(September 3 – written by Dave)
Yesterday was amazingly scenic. Today wasn’t. We had glimpses of the Cordillera Real Mountains but mostly it was through the general haze of the massive city of La Paz. La Paz and the surrounding cities are Bolivia’s largest urban area with 2.3 million people living here. It is often called the highest national capital in the world but in fact, it is not the capital – the capital is Sucre. Parliament and many other official functions are located in La Paz so it is easy to see why Sucre gets forgotten at times.
Anyway, back to our day. Everyone slept pretty well in the church building. It was a bit of a concrete echo chamber but no one was overly upset in the morning with my snoring, so it worked out great. It was really cold overnight outside, and only slightly warmer in our room. We would have had frost on the tent had it been outside so the lack of inside heating was not something that we were going to complain about.
We were on the road early, at 7:45. That’s extra early if you consider our recent time change. We haven’t been riding at 6:45 since the balmy days back in Central America. We were all pretty rugged up as we headed back out to our semi-dual carriage way. Unlike yesterday, today it was more or less finished and we could ride in the proper far right lane.
We had about 40k to ride before we reached the edge of El Alto, one of the biggest suburbs of the city. Like yesterday we had views of the mountains but the haze, a slight uphill grade and mostly nothingness scenery put us in “heads down” mode. Traffic was much heavier today but the shoulder was reasonable until our morning tea stop where we checked our maps and made sure we had a clear path to the city.
Soon after morning tea we reached the edge of El Alto and what can only be described as riding hell. The road was under construction, going from 1 to 3 lanes and back almost at random. And the traffic was insane. Our road was the main bus route into and out this section of the city and full of nasty white mini-vans that pulled in and out with reckless abandon. We rode in a fairly tight pace line but still had vans trying to pull in, or out, in the middle of our bunch. The vans pulling out often went without looking, simply turning the wheel to the left and accelerating. You could mostly tell when they were getting ready to go because they closed the sliding door just before launch. But this wasn’t always the case as some drivers started driving with the door open as the last passenger is still boarding. It was nuts.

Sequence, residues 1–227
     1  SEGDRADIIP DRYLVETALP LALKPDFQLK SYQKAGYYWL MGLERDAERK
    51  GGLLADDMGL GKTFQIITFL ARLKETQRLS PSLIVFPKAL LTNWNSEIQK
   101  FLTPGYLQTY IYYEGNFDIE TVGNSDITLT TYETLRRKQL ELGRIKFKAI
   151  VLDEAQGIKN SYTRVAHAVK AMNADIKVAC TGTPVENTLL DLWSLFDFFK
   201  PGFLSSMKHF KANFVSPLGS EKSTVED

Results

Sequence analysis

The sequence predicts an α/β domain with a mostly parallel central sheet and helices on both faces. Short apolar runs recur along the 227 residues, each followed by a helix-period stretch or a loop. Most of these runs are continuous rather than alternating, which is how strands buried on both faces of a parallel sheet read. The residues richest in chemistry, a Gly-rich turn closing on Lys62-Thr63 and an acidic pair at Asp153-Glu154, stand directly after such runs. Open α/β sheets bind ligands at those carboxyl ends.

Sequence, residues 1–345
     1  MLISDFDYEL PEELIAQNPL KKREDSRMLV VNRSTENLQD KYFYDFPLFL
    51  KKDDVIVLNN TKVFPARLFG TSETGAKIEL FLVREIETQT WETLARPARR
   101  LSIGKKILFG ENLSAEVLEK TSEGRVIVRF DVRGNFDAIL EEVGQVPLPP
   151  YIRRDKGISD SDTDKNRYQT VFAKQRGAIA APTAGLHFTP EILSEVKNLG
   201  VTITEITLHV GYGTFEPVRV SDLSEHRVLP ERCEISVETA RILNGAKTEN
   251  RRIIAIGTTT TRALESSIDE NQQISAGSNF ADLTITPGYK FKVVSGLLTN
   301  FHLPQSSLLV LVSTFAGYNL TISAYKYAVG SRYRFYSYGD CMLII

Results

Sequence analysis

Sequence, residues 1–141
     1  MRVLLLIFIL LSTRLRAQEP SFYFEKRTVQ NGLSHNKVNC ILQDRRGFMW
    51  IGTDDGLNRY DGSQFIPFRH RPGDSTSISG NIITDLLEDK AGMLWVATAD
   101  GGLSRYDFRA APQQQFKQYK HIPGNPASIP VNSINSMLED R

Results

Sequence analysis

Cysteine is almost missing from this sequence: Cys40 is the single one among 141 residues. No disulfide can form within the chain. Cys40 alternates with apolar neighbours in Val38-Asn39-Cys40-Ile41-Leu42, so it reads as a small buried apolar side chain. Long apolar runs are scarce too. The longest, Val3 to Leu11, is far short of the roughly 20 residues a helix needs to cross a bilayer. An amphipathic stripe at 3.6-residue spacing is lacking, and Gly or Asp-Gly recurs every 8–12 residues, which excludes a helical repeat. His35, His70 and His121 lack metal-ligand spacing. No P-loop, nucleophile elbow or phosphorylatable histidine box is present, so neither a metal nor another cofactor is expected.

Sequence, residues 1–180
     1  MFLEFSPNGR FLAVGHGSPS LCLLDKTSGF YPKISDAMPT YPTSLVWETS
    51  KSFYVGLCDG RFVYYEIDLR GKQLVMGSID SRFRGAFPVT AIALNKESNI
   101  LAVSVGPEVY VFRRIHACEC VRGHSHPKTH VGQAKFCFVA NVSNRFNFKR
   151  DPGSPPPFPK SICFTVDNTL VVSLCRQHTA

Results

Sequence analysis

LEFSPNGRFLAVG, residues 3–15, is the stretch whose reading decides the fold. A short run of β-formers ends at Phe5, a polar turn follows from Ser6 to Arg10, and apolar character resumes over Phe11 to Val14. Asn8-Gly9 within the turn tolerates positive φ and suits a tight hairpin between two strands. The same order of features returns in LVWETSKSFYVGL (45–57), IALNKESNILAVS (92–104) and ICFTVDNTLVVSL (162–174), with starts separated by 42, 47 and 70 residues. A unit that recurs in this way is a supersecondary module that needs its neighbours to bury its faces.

Philipp as on the front, I was on the back, we had the girls in the middle. At one point a van that looked like it was not moving suddenly pulled over near Philipp and he grabbed the brakes hard. Nancy was right behind him and did the same. Unfortunately, next in line Tine, was not quick enough braking and she ran into Nancy. This almost always means the person in back will fall and that’s what Tine did. As she fell, she yelled out “sorry” to Nancy for running into her. Nancy stayed upright and I was far enough back to stop before hitting Tine. It was all a pretty low speed so Tine was fine and we only had to straighten her handle bars to get her back on the road again. She was pretty dusty however, as in addition to being busy the road was a bit of a dust pit.
Most of the last 14k was on a motorway that prohibited bikes. We ignored this rule and rode it anyway. It was all downhill and very fast. It is normally a 4 lane motorway but they had two of the lanes closed so even this supposedly safer route was a little hair-raising but we made it safely to the edge of the city. The last 2k were in the middle of the city and full of more insane traffic but it felt almost as safe as we’d been all day. The traffic was stop and go, meaning everything was slow and other than the cars honking at us and us ignoring them, it was smooth sailing. La Paz from above.
We reached our planned hotel (Sol Andino) at about 1PM. They tried to get us to go up the street to their sister hotel because it had better bike parking but we looked the rooms and decided to stay here. They quoted us a silly price but came down when we showed them our booking.com rate. Philipp and Tine went up the road to look at a couple other hostels that were cheaper but they turned out to be not so nice and they ended up back here as well.
We are taking two days off here as La Paz is the last supply point before we head off into the wilds of Bolivia’s southwest. To get out of town we have to backtrack the last 14k that we rode today but we’ll be doing that either in a tram or in a mini-van. There is no way we are riding up through that mess again. Almost everyone riding ahead of us and those whose blogs we’ve read have hitched some form of ride – so that’s something we need to figure out in the next couple days.
Check back later for impressions of La Paz – after we get a good night’s sleep that is…